Facebook is once again taking swipes at Apple, this time in regards to new legislation in the European Union that focuses on how Apple runs the App Store and its preinstalled, first-party apps. In a statement to Reuters, a Facebook spokesman said that the company “hopes” the new legislation will “set boundaries for Apple.”

As we reported this morning, there are two parts to the proposed EU legislation. First is the Digital Markets Act, or DMA, which could force Apple to change how its own apps show up in App Store searches and allow users to uninstall all preloaded applications.

The second part is the Digital Services Act, which would affect companies like Google/YouTube, Twitter, Facebook, and other social media services the most. The DSA focuses on addressing “illegal and harmful content by asking platforms to rapidly take it down.”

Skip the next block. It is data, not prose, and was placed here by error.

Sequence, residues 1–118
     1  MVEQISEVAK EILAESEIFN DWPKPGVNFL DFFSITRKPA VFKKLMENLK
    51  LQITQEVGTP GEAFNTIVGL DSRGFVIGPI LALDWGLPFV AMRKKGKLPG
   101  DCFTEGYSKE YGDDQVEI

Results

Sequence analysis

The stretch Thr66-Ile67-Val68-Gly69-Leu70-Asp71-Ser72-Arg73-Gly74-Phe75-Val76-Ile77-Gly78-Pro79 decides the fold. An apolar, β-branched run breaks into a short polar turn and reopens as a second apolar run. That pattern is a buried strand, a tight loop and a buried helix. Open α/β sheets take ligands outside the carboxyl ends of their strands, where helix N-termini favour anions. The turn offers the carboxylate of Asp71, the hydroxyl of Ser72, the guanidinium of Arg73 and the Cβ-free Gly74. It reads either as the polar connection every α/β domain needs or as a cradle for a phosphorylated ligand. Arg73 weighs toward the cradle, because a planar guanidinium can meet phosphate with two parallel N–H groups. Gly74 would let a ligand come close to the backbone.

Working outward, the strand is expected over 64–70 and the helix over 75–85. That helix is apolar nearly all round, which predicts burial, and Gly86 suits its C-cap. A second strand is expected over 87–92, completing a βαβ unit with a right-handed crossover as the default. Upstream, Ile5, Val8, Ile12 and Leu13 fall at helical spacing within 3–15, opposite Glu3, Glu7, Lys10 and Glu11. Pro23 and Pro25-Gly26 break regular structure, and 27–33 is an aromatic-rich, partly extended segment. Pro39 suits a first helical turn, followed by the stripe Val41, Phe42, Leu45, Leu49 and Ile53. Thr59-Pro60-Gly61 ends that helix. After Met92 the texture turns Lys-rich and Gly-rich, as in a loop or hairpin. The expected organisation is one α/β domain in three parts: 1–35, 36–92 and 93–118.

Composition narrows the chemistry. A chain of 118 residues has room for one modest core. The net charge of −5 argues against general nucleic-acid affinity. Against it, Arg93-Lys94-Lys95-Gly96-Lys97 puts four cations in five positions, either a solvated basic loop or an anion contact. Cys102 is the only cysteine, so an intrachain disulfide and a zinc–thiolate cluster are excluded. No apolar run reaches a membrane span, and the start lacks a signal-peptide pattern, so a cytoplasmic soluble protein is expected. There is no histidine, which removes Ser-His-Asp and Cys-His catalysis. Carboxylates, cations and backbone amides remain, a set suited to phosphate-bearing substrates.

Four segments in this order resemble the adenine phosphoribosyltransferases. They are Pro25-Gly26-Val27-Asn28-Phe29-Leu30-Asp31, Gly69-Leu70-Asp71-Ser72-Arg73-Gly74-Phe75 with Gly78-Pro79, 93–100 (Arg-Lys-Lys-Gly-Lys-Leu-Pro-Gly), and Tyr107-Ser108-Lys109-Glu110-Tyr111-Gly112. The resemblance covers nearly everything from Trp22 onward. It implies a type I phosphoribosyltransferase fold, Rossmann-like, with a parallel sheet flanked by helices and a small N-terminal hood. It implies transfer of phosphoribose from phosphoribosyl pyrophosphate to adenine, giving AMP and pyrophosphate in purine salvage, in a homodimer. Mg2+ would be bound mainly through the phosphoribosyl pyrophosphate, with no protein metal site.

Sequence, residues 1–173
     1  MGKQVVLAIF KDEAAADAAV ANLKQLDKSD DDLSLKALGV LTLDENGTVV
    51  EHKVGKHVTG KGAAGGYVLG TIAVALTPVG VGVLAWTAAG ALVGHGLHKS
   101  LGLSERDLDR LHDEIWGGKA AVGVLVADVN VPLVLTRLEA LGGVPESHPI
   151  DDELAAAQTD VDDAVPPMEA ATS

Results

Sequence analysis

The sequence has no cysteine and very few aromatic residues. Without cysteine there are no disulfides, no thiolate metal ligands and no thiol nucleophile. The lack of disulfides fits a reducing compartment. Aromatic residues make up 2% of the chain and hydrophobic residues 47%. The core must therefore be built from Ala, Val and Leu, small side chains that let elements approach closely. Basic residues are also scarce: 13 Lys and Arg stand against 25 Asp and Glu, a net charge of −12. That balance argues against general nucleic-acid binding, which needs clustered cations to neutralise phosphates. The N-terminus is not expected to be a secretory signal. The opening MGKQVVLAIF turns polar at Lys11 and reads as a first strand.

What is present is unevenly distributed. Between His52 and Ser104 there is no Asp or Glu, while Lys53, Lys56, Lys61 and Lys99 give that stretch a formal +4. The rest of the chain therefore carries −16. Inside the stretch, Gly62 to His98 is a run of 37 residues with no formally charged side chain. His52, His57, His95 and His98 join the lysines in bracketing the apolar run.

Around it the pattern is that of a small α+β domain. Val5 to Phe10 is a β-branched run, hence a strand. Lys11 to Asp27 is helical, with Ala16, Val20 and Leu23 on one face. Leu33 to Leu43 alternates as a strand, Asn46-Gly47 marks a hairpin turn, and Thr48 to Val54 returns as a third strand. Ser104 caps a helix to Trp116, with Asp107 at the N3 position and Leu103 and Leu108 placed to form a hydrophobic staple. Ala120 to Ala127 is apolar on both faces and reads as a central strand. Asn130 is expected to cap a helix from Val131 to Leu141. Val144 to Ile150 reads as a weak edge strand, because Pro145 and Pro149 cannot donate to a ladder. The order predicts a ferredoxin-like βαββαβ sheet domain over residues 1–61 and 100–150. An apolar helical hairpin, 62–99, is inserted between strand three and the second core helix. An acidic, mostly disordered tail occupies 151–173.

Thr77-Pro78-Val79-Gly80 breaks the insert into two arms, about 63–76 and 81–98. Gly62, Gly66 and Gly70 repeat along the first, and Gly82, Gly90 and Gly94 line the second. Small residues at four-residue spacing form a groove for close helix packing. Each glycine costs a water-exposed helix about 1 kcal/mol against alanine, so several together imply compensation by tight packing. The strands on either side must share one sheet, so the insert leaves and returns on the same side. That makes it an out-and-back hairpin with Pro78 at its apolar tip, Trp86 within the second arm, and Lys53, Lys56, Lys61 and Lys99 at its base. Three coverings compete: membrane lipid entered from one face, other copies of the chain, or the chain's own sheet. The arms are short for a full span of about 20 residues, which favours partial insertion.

When asked about the proposed changes in the EU, Facebook used it as an opportunity to take another jab at Apple, saying that Apple uses its power to “harm developers and consumers.” Facebook’s full statement:

“We hope the DMA will also set boundaries for Apple,” a Facebook spokesman said. “Apple controls an entire ecosystem from device to app store and apps, and uses this power to harm developers and consumers, as well as large platforms like Facebook,” he said.

Facebook’s comments come the day after Apple rolled out new App Privacy labels on the App Store, designed to make users more aware of the data each app collects and what’s done with that date. Facebook’s App Privacy label is quite extensive, to say the least:

This isn’t the first time Facebook has publicly engaged with Apple. Most recently, the company has been focusing on criticizing Apple’s App Tracking Transparency feature, which will come to iOS 14 in early 2021. Mark Zuckerberg also recently slammed Apple for having a “stranglehold” on the iPhone and charging “monopoly rents.”

For its part, Apple has shot back at Facebook by criticizing the company’s data collection policies. Apple has doubled down on its plans to roll out App Tracking Transparency while also accusing Facebook of collecting “as much data as possible” on its users.

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